An intracanalicular scaffold (Hydrus, Ivantis, Inc.) has a somewhat similar mechanism of action combining some of the benefits of canaloplasty, ie dilation of the canal and aqueous access to more collector channels albeit for 90° rather than 360°, with trabecular bypass like the iStent.25 Canaloplasty, in contrast, dilates the full circumference of Schlemm’s canal accessing all patent collector channels, and moreover is thought to also dilate and allow flow through the distal outflow pathway as well.26 Although no direct comparisons are available, six-month results in a combined with phacoemulsification procedure are similar to those of the present study and in a head to head comparison as a standalone procedure, ab externo canaloplasty demonstrated better medication reduction.27,28
In the current study, IOP was reduced for up to 6 months in both treatment groups. Maintenance of IOP reduction is particularly important for glaucoma patients at risk for disease progression and vision loss.19 These patients typically require early and/or additional surgical intervention beyond topical meds to manage their elevated IOP. Ab interno canaloplasty is not only minimally invasive but one of the least destructive procedures to the anatomy of meshwork and Schlemm’s canal sparing the TM, internally, and the conjunctiva, externally, should additional procedures be needed.29 Outcomes for IOP and medication reduction with canaloplasty are comparable to those of MIGS implants but with the advantage of an implantless procedure. Like many MIGS, canaloplasty benefits from a favorable safety profile. The most frequent complications associated with the procedure noted in current literature are hyphema or microhyphema, cataract formation, IOP spikes, and hypotony, although with the exception of a single case of hyphema, none were observed in this study.
The current study was limited by its retrospective design, which carries the risks of selection bias, incomplete data, and variability in assessment methodology. However the risk of selection bias was mitigated by including all patients meeting the minimal inclusion and exclusion criteria within a pre-defined time period. While a single-center could be considered a limitation, this, along with the procedures being performed by a single surgeon, limited the potential variability in methodology. Follow-up was limited to 6-months however this ensured a complete data set for analysis and does not preclude additional follow-up of these cohorts as data becomes available. The strength of a retrospective, observational study is that the data is derived from real patients in a “real world” setting rather than under the artificial structure of a prospective clinical trial. The generalizability gained by this design should be weighed against the inherent weaknesses. The sample size was not determined based on statistical power calculations but was instead the total of all available and eligible cases. The study should thus be considered hypothesis generating rather than hypothesis testing. However, the sample was adequate to demonstrate statistically significant differences between the two groups and certainly informs the design of a larger prospective trial. Future research may compare the safety and efficacy of these two procedures, both alone and combined with phacoemulsification, in a prospective randomized manner and with longer (12–24 month) follow-up. The eye was considered the unit of analysis and in this study; 56 of the 130 patients contributed both eyes to the analysis. This is a potential confounder due to the lack of independence for these bilateral cases. However, the observed differences were generally sufficiently robust to overcome this weakness. Nevertheless, this limitation should be considered in the interpretation of results. Despite these limitations, this is the first report showing the additional benefit provided by viscocanaloplasty used adjunctively with a trabecular bypass stent in patients with POAG.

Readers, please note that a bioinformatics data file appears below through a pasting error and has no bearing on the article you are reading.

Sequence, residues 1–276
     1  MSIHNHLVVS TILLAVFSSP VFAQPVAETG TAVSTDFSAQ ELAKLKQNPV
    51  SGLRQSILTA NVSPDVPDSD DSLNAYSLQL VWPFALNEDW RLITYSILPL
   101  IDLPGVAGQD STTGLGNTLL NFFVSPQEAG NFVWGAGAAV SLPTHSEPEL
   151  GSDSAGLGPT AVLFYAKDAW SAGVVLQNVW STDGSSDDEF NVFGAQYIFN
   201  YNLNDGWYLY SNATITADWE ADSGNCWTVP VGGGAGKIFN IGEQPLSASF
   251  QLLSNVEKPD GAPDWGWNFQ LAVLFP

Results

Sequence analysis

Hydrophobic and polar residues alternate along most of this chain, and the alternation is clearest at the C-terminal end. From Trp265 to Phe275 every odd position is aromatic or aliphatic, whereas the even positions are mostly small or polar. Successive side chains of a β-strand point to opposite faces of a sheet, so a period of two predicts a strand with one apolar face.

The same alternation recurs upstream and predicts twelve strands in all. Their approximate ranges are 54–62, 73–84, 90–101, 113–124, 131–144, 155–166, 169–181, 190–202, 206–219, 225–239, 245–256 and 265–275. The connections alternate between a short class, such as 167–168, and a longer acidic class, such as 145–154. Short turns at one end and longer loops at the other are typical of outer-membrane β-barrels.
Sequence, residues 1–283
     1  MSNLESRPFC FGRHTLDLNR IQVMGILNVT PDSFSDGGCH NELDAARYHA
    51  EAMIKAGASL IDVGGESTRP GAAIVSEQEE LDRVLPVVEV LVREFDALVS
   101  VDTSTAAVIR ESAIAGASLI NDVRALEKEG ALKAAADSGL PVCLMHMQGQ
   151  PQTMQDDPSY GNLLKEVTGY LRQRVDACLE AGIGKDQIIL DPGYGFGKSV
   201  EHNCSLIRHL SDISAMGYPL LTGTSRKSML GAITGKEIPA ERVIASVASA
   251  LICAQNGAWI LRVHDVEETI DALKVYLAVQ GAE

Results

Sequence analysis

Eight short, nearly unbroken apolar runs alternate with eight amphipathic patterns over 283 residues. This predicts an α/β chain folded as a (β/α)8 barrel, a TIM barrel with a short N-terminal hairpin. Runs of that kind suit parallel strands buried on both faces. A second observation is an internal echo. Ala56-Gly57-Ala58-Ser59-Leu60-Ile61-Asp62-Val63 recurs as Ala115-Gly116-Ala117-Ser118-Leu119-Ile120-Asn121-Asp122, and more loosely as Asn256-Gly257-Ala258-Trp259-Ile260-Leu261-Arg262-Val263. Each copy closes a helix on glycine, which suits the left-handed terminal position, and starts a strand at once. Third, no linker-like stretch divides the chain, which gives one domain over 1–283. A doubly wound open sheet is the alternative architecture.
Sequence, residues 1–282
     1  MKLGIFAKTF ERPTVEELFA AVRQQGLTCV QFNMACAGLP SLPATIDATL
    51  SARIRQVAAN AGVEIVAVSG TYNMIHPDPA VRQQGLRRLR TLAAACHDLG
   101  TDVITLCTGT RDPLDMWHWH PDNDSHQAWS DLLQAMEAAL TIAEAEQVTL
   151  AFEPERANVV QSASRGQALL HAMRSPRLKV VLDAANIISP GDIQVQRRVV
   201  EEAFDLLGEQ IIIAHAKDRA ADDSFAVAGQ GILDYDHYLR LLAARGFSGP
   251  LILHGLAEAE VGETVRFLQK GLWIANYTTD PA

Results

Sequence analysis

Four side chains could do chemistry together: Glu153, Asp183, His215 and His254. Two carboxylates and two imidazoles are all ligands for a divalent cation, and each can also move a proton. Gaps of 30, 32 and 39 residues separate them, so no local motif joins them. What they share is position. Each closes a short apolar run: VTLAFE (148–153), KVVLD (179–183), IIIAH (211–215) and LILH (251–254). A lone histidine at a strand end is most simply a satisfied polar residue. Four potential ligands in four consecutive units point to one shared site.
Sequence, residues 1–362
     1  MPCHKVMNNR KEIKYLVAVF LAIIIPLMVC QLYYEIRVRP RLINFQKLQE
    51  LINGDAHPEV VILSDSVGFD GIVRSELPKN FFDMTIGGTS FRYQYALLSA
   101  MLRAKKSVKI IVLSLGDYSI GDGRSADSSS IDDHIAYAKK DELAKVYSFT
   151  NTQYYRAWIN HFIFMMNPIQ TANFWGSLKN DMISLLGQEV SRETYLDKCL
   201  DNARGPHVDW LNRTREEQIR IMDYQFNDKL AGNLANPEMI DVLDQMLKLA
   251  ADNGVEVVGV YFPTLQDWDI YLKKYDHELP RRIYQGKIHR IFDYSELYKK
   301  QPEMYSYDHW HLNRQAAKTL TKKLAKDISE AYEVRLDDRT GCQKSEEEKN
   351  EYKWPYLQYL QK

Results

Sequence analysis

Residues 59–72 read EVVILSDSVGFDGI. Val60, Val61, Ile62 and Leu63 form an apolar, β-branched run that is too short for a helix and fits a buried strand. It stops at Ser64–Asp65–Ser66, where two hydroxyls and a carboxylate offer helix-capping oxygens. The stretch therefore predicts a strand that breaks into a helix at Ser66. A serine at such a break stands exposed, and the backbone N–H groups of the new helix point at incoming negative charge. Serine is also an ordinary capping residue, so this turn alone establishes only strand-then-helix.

These six-month follow-up results in patients with POAG demonstrate that both canaloplasty performed in combination with TM-bypass during phacoemulsification and TM-bypass only with phacoemulsification allow significant and meaningful medication reductions while greater percent reductions in IOP are achieved with canaloplasty performed in combination with TM-bypass during phacoemulsification compared with TM-bypass alone with phacoemulsification. A greater proportion of CE + TM-bypass + CP patients achieved treatment success (IOP reduction of ≥20% and an IOP <18 mmHg on the same or fewer medications) than for TM-bypass + CE.
We are grateful to Julie Crider, PhD (Collaborative Medical Writing, LLC) for medical writing services that included discussing the context, background, and importance of the work with the authors and preparing a draft manuscript based on this discussion. The original draft has been revised extensively. We thank Kavita Dhamdhere, MD PhD and Jaime E. Dickerson, PhD for assistance in statistical analysis and preparing the final draft manuscript. The manufacturer of the VISCO360® device, Sight Sciences, provided financial assistance to support writing, editorial, and statistical analysis.
Mr Marius Heersink reports non-financial support from Sight Sciences, Inc., during the conduct of the study. The authors report no other conflicts of interest in this work.